In 1956 Russia’s Communist leader Nikita Khrushchev said, “We will take America without firing a shot. We do not have to invade the U.S. We will destroy you from within....”
Socialist John Dewey [1859-1952]. Dewey once plotted a long-range, comprehensive strategy that would reorganize primary education to serve the needs of socialization. “Change must come gradually,” he wrote. “To force it unduly would compromise its final success by favoring a violent reaction.” In other words, Dewey was saying that implementing socialistic ideas had to be done slowly; otherwise those who truly cared about educating children would become angry and resist.
JOHN DEWEY – THE “FATHER OF MODERN EDUCATION”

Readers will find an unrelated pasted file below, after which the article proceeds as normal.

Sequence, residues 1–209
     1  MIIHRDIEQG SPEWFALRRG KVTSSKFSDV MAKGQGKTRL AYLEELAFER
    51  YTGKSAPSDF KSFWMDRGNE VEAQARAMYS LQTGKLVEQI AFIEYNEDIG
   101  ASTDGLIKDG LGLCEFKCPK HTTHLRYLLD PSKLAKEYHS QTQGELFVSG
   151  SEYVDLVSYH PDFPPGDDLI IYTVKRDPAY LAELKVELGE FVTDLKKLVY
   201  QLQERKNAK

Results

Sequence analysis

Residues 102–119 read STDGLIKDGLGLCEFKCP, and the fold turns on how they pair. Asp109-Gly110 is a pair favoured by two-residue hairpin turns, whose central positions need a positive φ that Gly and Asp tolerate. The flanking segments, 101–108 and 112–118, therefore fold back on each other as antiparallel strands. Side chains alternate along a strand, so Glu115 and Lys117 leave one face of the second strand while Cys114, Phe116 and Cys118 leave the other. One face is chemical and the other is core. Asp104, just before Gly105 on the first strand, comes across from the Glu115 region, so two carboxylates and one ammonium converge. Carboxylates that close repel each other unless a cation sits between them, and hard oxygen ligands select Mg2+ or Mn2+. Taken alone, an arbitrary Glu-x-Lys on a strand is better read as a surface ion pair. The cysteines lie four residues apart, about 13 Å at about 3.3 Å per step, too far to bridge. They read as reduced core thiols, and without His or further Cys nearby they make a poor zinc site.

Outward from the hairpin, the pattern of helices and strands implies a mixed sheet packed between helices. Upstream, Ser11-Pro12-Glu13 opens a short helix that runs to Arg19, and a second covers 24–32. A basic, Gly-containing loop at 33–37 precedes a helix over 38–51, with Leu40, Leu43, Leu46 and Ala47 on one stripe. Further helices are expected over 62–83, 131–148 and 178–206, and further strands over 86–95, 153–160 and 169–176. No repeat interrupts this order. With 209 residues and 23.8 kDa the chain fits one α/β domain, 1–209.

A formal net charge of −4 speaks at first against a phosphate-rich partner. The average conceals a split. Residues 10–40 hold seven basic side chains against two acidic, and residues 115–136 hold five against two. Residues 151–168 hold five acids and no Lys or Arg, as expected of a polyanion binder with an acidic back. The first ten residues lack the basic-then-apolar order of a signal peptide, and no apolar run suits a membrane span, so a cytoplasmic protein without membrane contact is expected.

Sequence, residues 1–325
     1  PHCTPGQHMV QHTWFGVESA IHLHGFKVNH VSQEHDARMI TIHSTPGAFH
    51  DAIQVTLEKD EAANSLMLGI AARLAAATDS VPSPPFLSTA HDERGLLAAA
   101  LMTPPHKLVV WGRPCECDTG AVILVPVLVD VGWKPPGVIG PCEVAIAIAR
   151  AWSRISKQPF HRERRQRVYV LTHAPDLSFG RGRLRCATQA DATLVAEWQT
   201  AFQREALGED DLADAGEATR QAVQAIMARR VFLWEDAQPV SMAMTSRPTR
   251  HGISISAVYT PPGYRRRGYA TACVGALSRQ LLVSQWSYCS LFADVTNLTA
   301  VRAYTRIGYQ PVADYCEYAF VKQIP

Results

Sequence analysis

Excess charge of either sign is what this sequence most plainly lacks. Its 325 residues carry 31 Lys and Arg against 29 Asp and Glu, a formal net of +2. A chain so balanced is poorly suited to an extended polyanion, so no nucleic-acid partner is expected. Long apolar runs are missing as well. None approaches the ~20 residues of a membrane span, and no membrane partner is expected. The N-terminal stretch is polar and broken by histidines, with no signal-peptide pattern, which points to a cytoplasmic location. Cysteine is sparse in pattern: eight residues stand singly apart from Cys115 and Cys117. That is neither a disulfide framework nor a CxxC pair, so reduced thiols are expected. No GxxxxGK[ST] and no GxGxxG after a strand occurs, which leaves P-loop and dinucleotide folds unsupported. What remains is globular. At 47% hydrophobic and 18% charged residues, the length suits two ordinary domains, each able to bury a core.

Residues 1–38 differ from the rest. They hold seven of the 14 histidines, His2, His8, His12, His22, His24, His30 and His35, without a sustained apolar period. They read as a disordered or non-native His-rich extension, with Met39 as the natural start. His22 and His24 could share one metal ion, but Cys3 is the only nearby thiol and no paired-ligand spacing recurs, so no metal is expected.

Writing in Impressions of Soviet Russia and the Revolutionary World (1928), Dewey digs into education in the communist country and its examples for America. Ultimately, he comes to the conclusion that only in a communist society can the kind of education reform he envisioned be achieved. What is worrisome, too, is how often he recognizes that the education system is knowingly set against the family and individualism.
“I do not see how any honest educational reformer in western countries can deny that the greatest practical obstacle in the way of introducing into schools that connection with social life which he regards as desirable is the great part played by personal competition and desire for private profit in our economic life. This fact almost makes it necessary that in important respects school activities should be protected from social contacts and connections, instead of being organized to create them. The Russian educational situation is enough to convert one to the idea that only in a society based upon the coöperative principle can the ideals of educational reformers be adequately carried into operation.”
The liberal was brainwashed to believe that way as they gained control of our education system.